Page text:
Coronavirus: US government test kits are faulty and ‘cannot be relied upon’  The Independent

We are not doing well in this fight so far. Based on the fact that they are using primers, the test is still based on the virus’s genome (rather than on the coat proteins). They say that one of the three primer sets is not performing as well as they want. The NEJM article I read only lists two primer sets. With a long infectious incubation, a good diagnostic test is important.

 

Structure of novel coronavirus spike protein solved in just weeks

Solving the structure of a virus and its proteins is the first step to doing lots of drug development. A structure lets medicinal chemists try to design small-molecule drugs to interfere with its function. Right now the cutting edge is to design antibodies in software to interfere with the virus, but that needs a structure to work with, too. It’s great that scientists can get to a structure so quickly.

 

IUB EMCenter – Electron Tomography

One of the relatively new methods for solving this kind of structures is to use electron tomography. The idea is to take images from a bunch of different angles and then use software to put all of the images together into a 3D picture. This link has some great animations of the image stack and how it looks three-dimensional to our brains.

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Killifish, aging, and carbon-silicon composite batteries

Genetic study uncovers clues to explain how killifish stop aging during diapause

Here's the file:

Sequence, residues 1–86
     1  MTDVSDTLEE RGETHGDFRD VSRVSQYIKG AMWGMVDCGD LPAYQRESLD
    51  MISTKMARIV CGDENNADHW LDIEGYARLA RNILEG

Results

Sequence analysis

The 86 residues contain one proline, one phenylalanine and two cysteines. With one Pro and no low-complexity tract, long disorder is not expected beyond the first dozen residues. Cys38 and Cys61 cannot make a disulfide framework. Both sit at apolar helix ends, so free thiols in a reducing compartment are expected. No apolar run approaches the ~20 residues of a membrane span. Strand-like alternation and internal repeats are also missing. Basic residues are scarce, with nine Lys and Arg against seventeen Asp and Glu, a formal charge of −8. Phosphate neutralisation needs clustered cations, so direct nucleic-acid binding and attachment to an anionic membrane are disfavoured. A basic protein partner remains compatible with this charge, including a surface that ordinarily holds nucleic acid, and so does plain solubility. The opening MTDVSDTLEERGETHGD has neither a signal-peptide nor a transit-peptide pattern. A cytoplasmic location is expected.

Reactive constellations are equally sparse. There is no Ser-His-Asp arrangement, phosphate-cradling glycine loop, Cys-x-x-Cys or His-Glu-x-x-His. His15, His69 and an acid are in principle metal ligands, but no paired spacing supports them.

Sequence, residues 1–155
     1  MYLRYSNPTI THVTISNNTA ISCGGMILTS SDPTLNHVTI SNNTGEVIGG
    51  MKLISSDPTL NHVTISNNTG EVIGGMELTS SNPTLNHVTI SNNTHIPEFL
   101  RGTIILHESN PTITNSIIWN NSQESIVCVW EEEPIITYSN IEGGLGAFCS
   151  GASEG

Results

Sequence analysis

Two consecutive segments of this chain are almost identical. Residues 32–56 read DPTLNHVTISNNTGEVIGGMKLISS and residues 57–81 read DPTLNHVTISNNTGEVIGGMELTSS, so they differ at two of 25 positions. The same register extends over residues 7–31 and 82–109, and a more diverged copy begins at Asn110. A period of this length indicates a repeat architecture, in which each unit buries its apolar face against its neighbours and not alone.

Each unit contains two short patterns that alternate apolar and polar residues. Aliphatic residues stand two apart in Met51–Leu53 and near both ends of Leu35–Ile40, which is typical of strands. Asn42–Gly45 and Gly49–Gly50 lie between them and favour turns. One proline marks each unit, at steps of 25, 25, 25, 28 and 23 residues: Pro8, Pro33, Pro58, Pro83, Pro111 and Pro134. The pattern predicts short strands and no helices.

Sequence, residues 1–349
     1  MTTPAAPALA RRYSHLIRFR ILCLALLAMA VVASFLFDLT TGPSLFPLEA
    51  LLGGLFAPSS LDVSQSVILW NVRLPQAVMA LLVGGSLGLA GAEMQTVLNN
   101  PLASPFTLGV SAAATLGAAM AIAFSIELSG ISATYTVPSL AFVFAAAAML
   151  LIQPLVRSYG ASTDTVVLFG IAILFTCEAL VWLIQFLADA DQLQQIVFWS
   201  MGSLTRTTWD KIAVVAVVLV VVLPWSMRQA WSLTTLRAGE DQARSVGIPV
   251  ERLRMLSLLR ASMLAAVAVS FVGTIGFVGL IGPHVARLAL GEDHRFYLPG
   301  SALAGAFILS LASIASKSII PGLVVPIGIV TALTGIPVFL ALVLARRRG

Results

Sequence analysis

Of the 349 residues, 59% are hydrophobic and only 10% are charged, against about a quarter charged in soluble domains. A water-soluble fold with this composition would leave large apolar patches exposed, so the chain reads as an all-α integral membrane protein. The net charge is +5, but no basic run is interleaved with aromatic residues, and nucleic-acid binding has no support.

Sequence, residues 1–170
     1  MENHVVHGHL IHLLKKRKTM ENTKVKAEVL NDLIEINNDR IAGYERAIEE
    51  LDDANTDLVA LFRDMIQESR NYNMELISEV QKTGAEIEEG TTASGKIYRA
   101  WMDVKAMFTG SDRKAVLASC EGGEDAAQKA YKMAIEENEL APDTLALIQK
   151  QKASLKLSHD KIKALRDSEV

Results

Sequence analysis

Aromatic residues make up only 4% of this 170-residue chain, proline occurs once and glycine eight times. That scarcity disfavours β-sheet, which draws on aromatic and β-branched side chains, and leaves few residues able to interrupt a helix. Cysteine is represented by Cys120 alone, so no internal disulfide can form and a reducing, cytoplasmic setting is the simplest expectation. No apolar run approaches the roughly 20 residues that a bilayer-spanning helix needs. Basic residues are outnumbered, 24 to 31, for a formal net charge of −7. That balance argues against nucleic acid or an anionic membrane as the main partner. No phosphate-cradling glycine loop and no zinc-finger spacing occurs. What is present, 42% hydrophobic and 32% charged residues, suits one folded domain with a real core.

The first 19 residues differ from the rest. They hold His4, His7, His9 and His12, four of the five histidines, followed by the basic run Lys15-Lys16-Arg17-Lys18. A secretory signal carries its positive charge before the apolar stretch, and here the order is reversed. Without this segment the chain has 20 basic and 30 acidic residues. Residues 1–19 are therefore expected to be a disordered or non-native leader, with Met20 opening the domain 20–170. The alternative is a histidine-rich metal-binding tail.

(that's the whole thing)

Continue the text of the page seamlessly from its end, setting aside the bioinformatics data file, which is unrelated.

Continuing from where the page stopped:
Killifish are really interesting organisms for scientific experiments. They are vertebrates, so they are closer to us genetically than insects or worms. But they are a lot easier to grow and care for then mice or rats. Some killifish have life spans of only three months. This makes them very attractive as aging model animals. If treatment extends their lifespan, you only have to wait 3 months to find out. With mice, you have to wait for several years.  This paper discusses another cool feature of the killifish model animal. Some kinds of killifish can go into a kind of suspended animation. I did not know that and it is fascinating.

 

Nano/Microstructured Silicon–Carbon Hybrid Composite Particles Fabricated with Corn Starch Biowaste as Anode Materials for Li-Ion Batteries | Nano Letters

Researchers develop high-capacity EV battery materials that double driving range

This article discusses a new composite silicon/carbon material for hosting lithium ions. Cramming lithium ions into a silicon matrix makes for an even higher energy battery than a standard lithium-ion battery. unfortunately, silicon expands under these conditions and can destroy the battery. By incorporating the silicon into a carbon matrix, these researchers increase the conductivity and the resilience of the battery to multiple charger Cycles. The result was a very nice paper. I love that they tried to make their composite material from readily available substances.